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October-December 2008 (vol. 1 no. 4)
pp. 248-259
Kristina Höök, Microsoft Research Ltd. and Stockholm University, Kista
With new technologies such as body sensors, tangible interaction, haptics, interactive cloth, or small computing devices such as mobiles, we can move interaction from the desktop out into the world and onto our bodies. Likewise, with the boom of computer games, domestic digital technology use, and social communication tools, we have to consider designing for non-instrumental goals, beyond task completion. This has been picked up by human-computer interaction researchers in the so-called third wave of HCI. We suggest that learning technologies could use some of the results from the third wave of HCI, placing body and emotion more centrally into the communication and construction of knowledge. Designing for bodily interaction, emotional communication or aesthetics is not trivial. In design work, a designer can only set the stage for certain experience to happen, but in the end, it is the user who co-constructs the experience with or through the interaction. Based on our experiences of designing for bodily and emotional communication, we will posit three postulates that might be helpful in designing for involving interaction: leaving ‘surfaces’ open for users to appropriate, building for users to recognise themselves socially, emotional or bodily through the interface, and avoiding reductionism.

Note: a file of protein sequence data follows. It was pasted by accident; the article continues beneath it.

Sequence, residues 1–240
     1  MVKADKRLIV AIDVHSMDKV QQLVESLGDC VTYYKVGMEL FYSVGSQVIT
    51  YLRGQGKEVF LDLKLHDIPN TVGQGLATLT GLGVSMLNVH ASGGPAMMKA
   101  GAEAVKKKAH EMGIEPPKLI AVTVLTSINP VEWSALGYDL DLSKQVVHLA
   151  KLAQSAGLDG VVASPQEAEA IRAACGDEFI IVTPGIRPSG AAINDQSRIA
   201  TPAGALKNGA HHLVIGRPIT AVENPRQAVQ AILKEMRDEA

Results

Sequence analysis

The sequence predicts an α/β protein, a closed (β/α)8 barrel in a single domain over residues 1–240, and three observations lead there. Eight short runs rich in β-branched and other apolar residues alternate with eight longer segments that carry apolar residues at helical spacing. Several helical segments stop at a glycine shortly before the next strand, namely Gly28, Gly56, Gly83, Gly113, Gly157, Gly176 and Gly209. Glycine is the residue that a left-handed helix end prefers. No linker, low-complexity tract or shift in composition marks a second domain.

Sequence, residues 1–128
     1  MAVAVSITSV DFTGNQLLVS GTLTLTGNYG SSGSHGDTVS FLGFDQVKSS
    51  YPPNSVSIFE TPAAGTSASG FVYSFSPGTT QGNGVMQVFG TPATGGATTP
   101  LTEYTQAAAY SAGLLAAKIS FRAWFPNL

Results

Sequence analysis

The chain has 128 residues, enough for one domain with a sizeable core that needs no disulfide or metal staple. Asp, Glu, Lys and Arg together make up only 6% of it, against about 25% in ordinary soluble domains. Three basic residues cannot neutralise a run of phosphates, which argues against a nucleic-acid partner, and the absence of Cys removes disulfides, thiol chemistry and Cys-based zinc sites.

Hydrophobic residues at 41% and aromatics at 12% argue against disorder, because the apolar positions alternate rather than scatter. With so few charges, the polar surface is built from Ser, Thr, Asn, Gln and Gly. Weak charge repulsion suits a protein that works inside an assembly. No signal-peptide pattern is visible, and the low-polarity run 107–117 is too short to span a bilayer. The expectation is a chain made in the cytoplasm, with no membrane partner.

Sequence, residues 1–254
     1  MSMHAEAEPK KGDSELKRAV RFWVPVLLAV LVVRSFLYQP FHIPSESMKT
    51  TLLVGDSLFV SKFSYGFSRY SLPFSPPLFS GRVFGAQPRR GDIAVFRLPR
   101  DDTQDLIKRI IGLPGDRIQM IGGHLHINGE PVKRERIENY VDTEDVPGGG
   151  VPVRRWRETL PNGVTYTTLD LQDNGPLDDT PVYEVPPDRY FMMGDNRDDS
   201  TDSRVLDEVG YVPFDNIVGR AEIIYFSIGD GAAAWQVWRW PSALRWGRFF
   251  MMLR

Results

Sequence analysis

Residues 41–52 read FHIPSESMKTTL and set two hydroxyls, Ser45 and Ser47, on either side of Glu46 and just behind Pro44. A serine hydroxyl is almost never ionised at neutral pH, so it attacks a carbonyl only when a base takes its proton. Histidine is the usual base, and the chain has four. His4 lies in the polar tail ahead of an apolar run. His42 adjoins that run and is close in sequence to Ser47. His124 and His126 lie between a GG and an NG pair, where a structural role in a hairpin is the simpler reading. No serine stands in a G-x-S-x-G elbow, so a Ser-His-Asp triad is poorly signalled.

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Index Terms:
Learning Technologies, User-centered design
Kristina Höök, "Knowing, Communication and Experiencing through Body and Emotion," IEEE Transactions on Learning Technologies, vol. 1, no. 4, pp. 248-259, Oct.-Dec. 2008, doi:10.1109/TLT.2009.3
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